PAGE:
[RELATED: 5 Reasons Why You Shouldn’t Hire an Outside Podcast Host]
Don’t regurgitate other people’s insights without including how you feel about them. Bring something new to the table — your listeners will appreciate it.
Pro Tip: If the thought of being the only voice on an episode freaks you out, we suggest bringing in another co-host or expert counterpart to enhance the dialogue. Think less interview, more conversation over coffee with a friend.
5. Recap the episode.
Here’s where you tell ‘em what you told ‘em.
Wrap It Up
Wrap up everything you’ve said into a nice package of applicable takeaways. This will help the information to stick in your audience’s minds.
Once you’ve recapped the episode, make sure to offer your contact information in case listeners have questions or feedback. Also, don’t be afraid to ask for a review or rating. Frame it something like this:
“That wraps it up for today’s episode. If you’d like to go deeper on this topic, we have additional resources linked in the show notes. If you’re getting value from this show or have feedback, feel free to reach out to me at [contact info/social handles]. Or, leave us a rating. Thanks for listening!”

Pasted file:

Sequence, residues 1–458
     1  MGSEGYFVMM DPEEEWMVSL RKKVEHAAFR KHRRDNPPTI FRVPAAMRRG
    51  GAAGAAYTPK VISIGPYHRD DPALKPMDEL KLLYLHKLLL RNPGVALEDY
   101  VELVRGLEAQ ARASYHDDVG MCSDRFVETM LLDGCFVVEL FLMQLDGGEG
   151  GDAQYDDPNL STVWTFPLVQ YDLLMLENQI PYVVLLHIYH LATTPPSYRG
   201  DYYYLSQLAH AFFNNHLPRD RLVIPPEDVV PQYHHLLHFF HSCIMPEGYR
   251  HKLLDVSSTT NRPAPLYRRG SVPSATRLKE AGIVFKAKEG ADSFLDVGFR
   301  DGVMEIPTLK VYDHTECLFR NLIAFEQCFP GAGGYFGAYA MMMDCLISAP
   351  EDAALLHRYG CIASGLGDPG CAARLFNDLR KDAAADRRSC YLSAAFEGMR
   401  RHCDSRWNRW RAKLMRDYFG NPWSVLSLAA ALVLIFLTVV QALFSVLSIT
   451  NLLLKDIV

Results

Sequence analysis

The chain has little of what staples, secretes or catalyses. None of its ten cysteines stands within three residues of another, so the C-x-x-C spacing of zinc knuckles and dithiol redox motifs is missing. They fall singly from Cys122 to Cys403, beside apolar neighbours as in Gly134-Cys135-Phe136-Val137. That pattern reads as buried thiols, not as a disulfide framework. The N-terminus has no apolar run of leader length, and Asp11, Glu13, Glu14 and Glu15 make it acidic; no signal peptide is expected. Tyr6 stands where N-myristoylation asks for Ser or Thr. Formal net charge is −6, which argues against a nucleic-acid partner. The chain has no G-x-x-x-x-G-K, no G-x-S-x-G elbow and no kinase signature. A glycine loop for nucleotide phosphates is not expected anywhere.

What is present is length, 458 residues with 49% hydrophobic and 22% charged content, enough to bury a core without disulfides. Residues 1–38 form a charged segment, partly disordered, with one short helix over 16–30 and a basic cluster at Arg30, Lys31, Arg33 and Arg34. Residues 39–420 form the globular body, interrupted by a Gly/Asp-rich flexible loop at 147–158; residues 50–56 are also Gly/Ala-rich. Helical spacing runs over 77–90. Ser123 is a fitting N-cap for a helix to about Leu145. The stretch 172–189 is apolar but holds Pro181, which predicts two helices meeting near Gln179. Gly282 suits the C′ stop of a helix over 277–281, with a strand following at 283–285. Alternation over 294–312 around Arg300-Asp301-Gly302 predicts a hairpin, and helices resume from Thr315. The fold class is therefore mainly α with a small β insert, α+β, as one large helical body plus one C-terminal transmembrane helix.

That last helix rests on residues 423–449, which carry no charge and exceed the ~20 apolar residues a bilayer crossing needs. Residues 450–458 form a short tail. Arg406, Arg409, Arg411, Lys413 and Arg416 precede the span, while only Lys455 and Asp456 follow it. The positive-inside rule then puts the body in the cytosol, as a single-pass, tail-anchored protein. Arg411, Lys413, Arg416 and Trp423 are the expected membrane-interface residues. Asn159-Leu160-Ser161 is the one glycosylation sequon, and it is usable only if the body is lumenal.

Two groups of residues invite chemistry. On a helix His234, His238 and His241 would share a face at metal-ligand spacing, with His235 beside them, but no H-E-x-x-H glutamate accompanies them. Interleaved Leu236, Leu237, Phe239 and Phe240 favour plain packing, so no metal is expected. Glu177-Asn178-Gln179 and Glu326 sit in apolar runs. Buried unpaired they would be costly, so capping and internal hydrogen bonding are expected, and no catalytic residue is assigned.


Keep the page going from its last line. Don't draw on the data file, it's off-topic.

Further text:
Then, leave some dead air at the end. This ensures that the recording doesn’t cut you off mid-sentence and gives the audio engineer some margin to work with.
[RELATED: Just getting started w/ Sweet Fish? Here are a few pointers.]
There will be times when you’re recording a solo podcast episode and you need to start over or rephrase something. It happens to everybody!
When Sweet Fish customers find themselves in this situation, all you have to do is say, “Hey Sweet Fish team. I’m going to restart that.” Then, silently count to three before you start again. That way, our awesome audio engineers have some margin.
The same method can be used if you’re not a Sweet Fish customer. Whether you’re outsourcing the audio engineering or doing it yourself, it helps to verbalize when you’re starting over and leave a pause.
6. Use the right tools.
If you’ve been podcasting for a while, it’s likely that you already have some tried-and-true tools in your arsenal. Nonetheless, here’s the software we recommend:
- Online Voice Recorder (for solo episodes)
- Riverside.fm (for remote interviews)
- GarageBand (for editing/mixing)
For a full list of podcasting equipment, check out this blog post.
“Here I go again on my owwwnnn… “
Hopefully you’re a little inspired to go solo by now. If not, just look up Whitesnake’s Here I Go Again on YouTube.
Not into 80’s hair metal? Take down the 4 big ideas from this post instead:
- Use solo episodes to fill in gaps of information and gaps in the content queue.
- Keep a list of topics you could gab about on your own.
- Don’t read directly from a script.
- Don’t be afraid to mess up — there’s always editing!
If you have any questions about solo podcast episodes, contact your Sweet Fish producer, or chat with us here.
For more B2B podcasting insights, subscribe to B2B Growth on Apple Podcasts, Spotify, or wherever you listen to podcasts.